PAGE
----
According to a study by Georgetown University, the US needs to produce 20 million additional skilled workers by 2025, which seems far in the future, but is only a dozen years from now, so it will pass in the blink of an eye, and in most cases those workers will take 4-5+ years in college before they enter the workforce, so the timeframe is actually compressed quite a bit.
We are currently on track to produce only 8 million, so according to the study we need to add an additional 12 million to the pipeline – a 150% increase, which when looked at that way seems almost preposterous, but we need to at least try, and maybe we can only get 1/2 or 1/3 of the way there, but that will be better than nothing.
When it comes to educating for the future, American is falling behind in a significant way, and things have been getting progressively worse for the past 30+ years.
When you really inspect the data in a study released by Georgetown University, it is quite a scary prospect for the future.
The report found that the US has been underproducing College educated workers since 1980 and demand has been significantly outpacing supply. If we as a nation don’t take a serious look at what has been going on and make some significant improvements and invest in the future of our country, we will continue the downward spiral.
Adding those workers is absolutely critical to the future prosperity of the US and our economy.
… adding these workers will boost GDP by $500 billion, add over $100 billion in additional tax revenues, and stop and begin to reverse the growth of income inequality. Many of these additional graduates could come from the half a million students per year who graduate in the top half of their high school class but do not go on to college.
The problem is not just economic. According to co-author Stephen J. Rose, a senior economist at the Center, “As a result of our failure to keep up with the demand for college-educated workers, we have lost our number one global position in college graduates and become the number one industrialized nation in income inequality.”
Should we do nothing, the report finds, income inequality will only get worse. The disparity between the wages of college-educated workers and high school-educated workers will jump from 74% to 96% if we do nothing. If we add 20 million postsecondary-educated workers, wages for all groups will rise—wages for those with a high school diploma will rise 24%, wages for those with an Associate’s degree will rise by 15%, and wages for Bachelor’s educated workers will rise by 6%.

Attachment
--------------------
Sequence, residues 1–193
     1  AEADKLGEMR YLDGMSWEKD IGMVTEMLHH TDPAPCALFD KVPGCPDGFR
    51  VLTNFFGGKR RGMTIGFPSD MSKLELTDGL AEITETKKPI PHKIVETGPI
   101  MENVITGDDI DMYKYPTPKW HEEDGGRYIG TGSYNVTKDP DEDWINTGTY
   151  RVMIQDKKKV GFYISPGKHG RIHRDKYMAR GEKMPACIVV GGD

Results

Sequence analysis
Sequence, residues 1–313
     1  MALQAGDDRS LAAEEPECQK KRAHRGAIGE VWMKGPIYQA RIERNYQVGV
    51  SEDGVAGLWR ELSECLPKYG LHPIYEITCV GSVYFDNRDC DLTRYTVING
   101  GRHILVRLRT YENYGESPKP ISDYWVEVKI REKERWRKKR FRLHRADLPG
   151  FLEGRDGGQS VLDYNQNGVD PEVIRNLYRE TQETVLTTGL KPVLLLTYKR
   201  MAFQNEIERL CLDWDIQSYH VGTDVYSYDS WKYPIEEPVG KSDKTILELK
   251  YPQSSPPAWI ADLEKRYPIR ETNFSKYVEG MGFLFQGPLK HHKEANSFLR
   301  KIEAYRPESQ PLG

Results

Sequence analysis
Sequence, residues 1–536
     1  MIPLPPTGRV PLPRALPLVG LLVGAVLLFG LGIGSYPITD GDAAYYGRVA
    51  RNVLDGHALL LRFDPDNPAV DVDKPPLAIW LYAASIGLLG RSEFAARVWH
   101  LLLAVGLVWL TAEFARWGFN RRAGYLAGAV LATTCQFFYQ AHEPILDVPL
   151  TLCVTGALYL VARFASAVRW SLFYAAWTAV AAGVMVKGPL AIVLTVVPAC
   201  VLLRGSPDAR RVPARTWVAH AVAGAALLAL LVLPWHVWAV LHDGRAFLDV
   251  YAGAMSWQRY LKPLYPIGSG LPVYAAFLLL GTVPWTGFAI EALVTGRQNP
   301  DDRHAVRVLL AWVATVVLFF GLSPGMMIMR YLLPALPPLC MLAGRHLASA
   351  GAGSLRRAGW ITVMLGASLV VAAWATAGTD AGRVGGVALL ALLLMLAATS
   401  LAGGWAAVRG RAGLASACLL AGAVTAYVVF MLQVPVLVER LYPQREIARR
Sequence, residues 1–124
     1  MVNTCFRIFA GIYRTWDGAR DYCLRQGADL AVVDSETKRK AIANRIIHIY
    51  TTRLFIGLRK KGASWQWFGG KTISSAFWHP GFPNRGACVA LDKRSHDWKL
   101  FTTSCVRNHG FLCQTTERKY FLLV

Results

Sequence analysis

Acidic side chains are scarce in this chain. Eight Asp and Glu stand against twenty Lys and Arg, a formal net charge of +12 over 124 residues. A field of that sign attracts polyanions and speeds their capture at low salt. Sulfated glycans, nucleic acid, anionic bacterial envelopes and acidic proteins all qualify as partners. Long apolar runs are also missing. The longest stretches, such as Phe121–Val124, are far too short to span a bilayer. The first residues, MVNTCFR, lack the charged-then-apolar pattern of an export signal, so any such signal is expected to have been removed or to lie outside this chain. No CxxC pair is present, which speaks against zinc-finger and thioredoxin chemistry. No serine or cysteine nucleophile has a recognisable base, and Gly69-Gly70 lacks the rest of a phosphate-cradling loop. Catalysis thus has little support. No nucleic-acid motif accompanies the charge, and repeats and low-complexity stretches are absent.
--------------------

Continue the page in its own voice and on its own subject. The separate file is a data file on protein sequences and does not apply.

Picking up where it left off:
Adding 20 million college-educated workers would mean that we would reach the President’s goal of being number one in the world in terms of degree attainment among the workforce. By 2025, 60% of American youth would have an Associate’s or a Bachelor’s degree, making the United States first in terms of degree attainment world-wide.
If you thought that America had outsourced a lot of jobs in the past couple of decades, that could have been the tip of the iceberg.
Those jobs were frequently, lower wage jobs that were outsourced because of cheaper labor abroad, but the new crop of jobs that could be lost and outsourced are high skill jobs and their loss will be due to a serious lack in our education system.
Educated workers are more productive, earn more, and pay more taxes.
If you are asking yourself how that will cause the income gap to increase, that involves the simple economics of supply and demand.
If qualified workers are in short supply relative to employer demand for them, the rational response on the part of employers is to bid up wages for the workers they want—in this case, college educated workers.
One of the things that we need to be careful about it making sure that we are producing the right kind of educated workers.
We need to be careful that the education matches up with the demand for jobs. Too many degrees in liberal arts and history and not enough in business and technology won’t fix the problem, and may actually exacerbated it giving the illusion that we are fixing it, because the number of graduates in inching up toward the 20 million mark, but yet there will still be a supply and demand issue, because the supply of educated workers isn’t matching up with the skills demand.
You can access the full report by Georgetown University as well as an executive summary and brief video here.
Do you agree we need to make some changes? Are we doomed, or can we dig out?
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Have A Prosperous Day!